In the months since my wife’s death, I’ve been slowly and meticulously disposing of her belongs and shedding household items that accumulated during the decades we were together.
I’m learning that my living alone requires much less stuff than what was needed when we and our two daughters comprised a nuclear family of four.
There are three sets of dishes, for example. Three sets of dishes for two people—who aren’t even kosher.
Even as I spent Monday, Tuesday and Wednesday of this week at my melancholy task of de-cluttering 50 years of marriage, I was preparing for my trip Thursday to Pittsburgh. My oldest grandson, Erik Schmitt, received his doctorate in physical therapy from Duquesne University yesterday, and I wanted to be there to represent in a special way his late grandmother, who adored him.
The conjunction of these two antithetical events—the de-cluttering and the doctorate—hit me hard as I dropped my wife’s beat-up old gardening Crocs into a trash bag: What is the true value of what remains after we leave our earthly life?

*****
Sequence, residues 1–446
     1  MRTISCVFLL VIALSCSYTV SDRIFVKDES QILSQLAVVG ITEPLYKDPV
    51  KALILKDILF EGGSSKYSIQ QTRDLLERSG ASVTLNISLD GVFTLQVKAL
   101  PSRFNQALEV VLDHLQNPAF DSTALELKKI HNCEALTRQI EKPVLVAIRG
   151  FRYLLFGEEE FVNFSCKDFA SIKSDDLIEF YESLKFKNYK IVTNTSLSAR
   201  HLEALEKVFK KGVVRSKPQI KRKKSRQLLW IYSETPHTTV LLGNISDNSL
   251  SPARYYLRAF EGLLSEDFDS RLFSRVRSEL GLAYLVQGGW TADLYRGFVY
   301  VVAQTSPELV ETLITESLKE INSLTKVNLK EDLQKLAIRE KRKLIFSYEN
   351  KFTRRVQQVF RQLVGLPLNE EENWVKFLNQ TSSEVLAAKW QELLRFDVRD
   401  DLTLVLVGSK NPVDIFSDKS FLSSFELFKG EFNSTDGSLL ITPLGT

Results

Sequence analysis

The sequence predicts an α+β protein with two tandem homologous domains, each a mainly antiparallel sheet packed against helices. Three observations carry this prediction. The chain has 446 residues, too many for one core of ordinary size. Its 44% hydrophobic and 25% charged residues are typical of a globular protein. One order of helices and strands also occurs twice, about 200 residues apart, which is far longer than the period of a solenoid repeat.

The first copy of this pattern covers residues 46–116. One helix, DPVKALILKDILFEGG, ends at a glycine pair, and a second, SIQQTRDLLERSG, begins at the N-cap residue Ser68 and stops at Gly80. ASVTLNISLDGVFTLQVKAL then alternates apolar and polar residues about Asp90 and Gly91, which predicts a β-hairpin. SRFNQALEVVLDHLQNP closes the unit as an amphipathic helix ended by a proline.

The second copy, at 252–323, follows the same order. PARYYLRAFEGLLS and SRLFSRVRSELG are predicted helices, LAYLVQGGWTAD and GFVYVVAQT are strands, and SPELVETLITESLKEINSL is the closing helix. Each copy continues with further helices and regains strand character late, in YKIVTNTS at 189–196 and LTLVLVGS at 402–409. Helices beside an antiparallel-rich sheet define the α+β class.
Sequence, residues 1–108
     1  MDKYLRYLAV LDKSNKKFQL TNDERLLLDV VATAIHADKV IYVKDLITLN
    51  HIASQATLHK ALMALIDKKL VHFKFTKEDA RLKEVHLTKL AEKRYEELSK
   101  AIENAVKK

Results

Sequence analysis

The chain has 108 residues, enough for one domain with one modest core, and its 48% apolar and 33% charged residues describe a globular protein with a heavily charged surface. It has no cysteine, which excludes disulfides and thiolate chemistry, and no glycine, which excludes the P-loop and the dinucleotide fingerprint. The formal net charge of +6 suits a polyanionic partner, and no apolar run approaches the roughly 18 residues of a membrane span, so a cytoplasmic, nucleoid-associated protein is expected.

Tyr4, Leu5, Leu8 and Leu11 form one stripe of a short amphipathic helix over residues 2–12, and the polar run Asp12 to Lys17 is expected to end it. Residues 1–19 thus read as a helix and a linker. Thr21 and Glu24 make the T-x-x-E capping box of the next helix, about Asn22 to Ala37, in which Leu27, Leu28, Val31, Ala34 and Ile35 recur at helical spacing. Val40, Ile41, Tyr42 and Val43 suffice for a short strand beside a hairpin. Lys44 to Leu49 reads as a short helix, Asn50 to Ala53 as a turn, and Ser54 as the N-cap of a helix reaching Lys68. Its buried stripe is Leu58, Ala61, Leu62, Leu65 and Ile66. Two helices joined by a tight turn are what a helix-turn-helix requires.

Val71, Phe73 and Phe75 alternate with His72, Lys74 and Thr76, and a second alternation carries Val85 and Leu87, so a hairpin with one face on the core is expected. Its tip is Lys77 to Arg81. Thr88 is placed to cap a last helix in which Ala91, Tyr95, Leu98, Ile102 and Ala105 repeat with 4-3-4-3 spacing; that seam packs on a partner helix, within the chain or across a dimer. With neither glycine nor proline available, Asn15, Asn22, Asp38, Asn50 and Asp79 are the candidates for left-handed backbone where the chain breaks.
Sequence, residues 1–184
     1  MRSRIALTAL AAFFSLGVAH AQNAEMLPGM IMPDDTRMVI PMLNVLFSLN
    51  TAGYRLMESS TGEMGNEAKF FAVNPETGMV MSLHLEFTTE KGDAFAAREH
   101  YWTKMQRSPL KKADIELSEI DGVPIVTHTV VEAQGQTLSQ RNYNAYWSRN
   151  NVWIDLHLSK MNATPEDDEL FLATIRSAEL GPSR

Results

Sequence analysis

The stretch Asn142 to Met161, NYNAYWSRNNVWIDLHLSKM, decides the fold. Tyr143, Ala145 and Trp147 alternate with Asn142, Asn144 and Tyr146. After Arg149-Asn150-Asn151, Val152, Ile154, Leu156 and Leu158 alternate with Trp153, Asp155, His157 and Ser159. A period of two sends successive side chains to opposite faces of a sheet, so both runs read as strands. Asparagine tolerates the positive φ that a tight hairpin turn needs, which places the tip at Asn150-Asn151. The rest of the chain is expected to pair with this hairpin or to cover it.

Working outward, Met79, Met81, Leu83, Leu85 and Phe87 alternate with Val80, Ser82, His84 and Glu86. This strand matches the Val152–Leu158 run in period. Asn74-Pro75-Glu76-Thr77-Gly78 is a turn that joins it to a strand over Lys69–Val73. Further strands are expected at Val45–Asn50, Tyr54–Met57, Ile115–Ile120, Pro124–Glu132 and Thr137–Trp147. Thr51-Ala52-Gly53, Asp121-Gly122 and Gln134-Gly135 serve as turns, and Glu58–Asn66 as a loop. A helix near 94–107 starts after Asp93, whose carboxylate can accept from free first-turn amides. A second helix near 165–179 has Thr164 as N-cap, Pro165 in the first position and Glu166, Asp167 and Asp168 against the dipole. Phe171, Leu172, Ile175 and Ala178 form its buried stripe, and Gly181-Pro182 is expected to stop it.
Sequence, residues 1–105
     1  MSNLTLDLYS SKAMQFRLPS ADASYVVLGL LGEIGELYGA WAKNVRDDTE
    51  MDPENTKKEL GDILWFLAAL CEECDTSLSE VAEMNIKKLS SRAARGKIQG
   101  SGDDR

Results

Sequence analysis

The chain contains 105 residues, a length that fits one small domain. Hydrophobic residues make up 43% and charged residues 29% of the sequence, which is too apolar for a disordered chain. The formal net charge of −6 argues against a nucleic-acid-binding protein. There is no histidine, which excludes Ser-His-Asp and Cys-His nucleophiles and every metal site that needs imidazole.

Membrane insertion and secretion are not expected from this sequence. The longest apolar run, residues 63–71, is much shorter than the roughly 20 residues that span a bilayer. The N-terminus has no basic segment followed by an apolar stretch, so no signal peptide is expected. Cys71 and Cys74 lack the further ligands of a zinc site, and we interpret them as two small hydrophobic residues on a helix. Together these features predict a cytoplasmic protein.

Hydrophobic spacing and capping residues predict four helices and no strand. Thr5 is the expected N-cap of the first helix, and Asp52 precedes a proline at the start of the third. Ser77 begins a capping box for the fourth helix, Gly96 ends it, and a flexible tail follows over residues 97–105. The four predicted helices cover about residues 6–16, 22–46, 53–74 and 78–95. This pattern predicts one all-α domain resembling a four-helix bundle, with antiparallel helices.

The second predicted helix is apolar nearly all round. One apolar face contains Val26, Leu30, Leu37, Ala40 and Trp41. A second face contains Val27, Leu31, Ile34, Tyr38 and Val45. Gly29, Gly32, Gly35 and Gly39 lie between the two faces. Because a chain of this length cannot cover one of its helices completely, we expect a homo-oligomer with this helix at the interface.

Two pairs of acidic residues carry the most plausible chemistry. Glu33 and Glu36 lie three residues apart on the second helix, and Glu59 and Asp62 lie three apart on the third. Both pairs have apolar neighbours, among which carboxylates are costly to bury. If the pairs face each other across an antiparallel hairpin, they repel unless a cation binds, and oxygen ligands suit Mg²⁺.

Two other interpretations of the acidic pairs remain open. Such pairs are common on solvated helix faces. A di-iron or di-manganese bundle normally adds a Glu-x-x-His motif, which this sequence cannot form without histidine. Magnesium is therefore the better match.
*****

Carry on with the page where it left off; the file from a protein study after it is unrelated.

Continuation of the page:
A remainder is defined as the part, number or quantity that is left over.
In the publishing business, remainders are the books left unsold when demand has died.
When we depart, we leave behind not only personal possessions, but also unfinished work, unfulfilled ambitions and unrealized dreams. The remainders of our lives.
But the word remainder has another meaning: a part that is still to come. The “remainder of the year” is an example.
This is the meaning that applies to the people on whom we’ve had special effect during our lives. It is here that what lingers of us applies in the most significant way.
Jo Anne’s elegant clothes and jewelry, her collections of antique salt dishes, mid-century charm bracelets and Nancy Drew novels, her flower beds and her precious koi—all are now exposed as trivial in light of her effect on the grandson who spent so many hours as a tyke in her care, who was so much the apple of her eye.
I’m proud of Erik’s academic accomplishments, which our extended family is honoring this weekend here in Pittsburgh.
Even more, I’m gratified by what a sincere and caring young man he has become.
And I am so aware of how much of Jo Anne lingers in him.
(Pictured above: Jo Anne and Erik on the Duquesne campus during our visit, September 7, 2013)